The species is widely distributed across Yamdena Island and it is thus assumed to occur at > 10 locations* (BirdLife International 2019). However, it is possible that Tanimbar Scrubfowl approaches this threshold. Even though its habitat shows some degree of fragmentation particularly in the south of Yamdena (Global Forest Watch 2014), the species should not be considered severely fragmented per IUCN definition (see IUCN Standards and Petitions Subcommittee 2017). Tanimbar Scrubfowl therefore does not meet condition (a) (severely fragmented or ≤ 10 locations), but likely approaches it. AOO, area, extent and/or quality of habitat as well as the number of mature individuals are declining, and hence the species meets condition (b) under subconditions (ii,iii,v). However, Tanimbar Scrubfowl does not undergo extreme fluctuations and so does not meet condition (c).
Therefore, even though Tanimbar Scrubfowl occurs in a very small range and consequently in restricted EOO and AOO, it does not trigger sufficient conditions for listing as Vulnerable under criterion B, but it meets one condition and approaches the second. As such, it may be listed as Near Threatened under Criteria B1ab(ii,iii,v)+2ab(ii,iii,v).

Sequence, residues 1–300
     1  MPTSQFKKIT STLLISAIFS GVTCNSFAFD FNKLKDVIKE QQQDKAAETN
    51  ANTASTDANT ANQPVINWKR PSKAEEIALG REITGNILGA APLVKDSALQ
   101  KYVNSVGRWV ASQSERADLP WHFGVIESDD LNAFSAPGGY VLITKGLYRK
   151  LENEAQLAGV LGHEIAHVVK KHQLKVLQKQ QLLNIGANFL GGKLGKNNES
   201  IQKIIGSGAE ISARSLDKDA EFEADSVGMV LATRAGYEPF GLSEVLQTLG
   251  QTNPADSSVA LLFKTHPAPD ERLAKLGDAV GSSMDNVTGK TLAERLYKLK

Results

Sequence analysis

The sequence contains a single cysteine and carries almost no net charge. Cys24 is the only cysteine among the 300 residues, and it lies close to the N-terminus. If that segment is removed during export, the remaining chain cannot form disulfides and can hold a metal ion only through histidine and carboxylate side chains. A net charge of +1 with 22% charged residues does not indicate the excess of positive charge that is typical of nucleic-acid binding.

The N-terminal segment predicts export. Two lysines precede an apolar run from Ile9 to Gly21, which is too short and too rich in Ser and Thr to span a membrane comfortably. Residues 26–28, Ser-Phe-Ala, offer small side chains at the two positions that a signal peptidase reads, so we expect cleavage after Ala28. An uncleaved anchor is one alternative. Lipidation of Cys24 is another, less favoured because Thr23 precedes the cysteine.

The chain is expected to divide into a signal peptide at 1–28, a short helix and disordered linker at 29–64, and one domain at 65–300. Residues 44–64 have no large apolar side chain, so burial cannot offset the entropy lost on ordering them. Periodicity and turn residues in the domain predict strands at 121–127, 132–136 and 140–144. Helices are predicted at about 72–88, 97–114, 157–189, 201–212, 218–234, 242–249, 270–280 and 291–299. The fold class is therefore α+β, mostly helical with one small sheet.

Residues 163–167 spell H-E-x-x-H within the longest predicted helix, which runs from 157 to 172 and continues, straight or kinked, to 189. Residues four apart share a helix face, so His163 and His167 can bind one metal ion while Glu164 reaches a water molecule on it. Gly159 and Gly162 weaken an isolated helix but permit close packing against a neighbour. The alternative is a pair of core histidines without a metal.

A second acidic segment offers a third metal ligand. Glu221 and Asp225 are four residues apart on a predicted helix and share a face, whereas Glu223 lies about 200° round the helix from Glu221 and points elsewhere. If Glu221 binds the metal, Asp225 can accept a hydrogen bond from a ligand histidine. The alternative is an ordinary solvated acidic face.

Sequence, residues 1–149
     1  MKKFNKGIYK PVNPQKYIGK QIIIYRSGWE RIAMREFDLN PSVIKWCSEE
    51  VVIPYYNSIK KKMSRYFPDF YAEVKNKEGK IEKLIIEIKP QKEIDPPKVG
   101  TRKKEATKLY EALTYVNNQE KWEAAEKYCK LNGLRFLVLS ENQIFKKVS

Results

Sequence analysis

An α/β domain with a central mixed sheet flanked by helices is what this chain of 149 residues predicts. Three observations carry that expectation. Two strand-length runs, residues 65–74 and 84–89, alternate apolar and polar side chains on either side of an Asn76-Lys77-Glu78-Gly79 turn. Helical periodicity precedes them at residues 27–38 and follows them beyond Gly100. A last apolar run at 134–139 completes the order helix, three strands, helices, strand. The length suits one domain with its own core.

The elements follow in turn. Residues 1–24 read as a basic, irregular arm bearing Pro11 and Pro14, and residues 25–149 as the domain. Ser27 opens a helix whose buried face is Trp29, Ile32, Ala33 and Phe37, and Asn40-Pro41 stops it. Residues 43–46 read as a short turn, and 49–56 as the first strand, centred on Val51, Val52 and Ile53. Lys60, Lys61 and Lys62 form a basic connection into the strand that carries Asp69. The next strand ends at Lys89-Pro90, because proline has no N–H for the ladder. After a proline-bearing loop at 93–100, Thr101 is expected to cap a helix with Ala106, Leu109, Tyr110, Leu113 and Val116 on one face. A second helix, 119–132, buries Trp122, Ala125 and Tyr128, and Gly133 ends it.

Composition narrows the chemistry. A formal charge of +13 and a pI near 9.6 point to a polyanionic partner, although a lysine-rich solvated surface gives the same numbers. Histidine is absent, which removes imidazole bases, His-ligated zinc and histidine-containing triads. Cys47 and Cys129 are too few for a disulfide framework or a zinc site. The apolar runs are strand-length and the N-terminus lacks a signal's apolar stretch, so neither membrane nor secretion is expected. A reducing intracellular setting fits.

Criterion C – The population size of Tanimbar Scrubfowl has been estimated at 670-6,700 mature individuals. This meets the threshold for Vulnerable (< 10,000 mature individuals) or even Endangered (< 2,500 mature individuals), assuming that the true population size is closer to the lower end of the estimate. However, in order to be listed under Criterion C, other conditions have to be met.
The rate of decline in Tanimbar Scrubfowl has not been directly estimated, and so Criterion C1 cannot be used to trigger a listing as threatened. Instead, the population decline can be inferred from habitat loss (Tracewski et al. 2016). The species is not known to undergo extreme fluctuations, so it does not trigger the conditions for Criterion C2b. It thus depends on the species’s subpopulation structure whether it qualifies for listing as Vulnerable under condition (a). There is no information on the number of subpopulations of Tanimbar Scrubfowl. However, assuming that the global population size is closer to the lower end of the estimate, no subpopulation would contain more than 1,000 mature individuals, and the species would qualify for Vulnerable. Therefore tentatively, Tanimbar Scrubfowl may be listed as Vulnerable under Criterion C2a(i).
Criterion D – The global population of Tanimbar Scrubfowl has been estimated to number 670-6,700 mature individuals. Assuming that the true population size is closer to the lower end of the estimate, the species meets the threshold for classifying as threatened (< 1,000 mature individuals). Therefore, it may precautionarily be listed as Vulnerable under Criterion D1.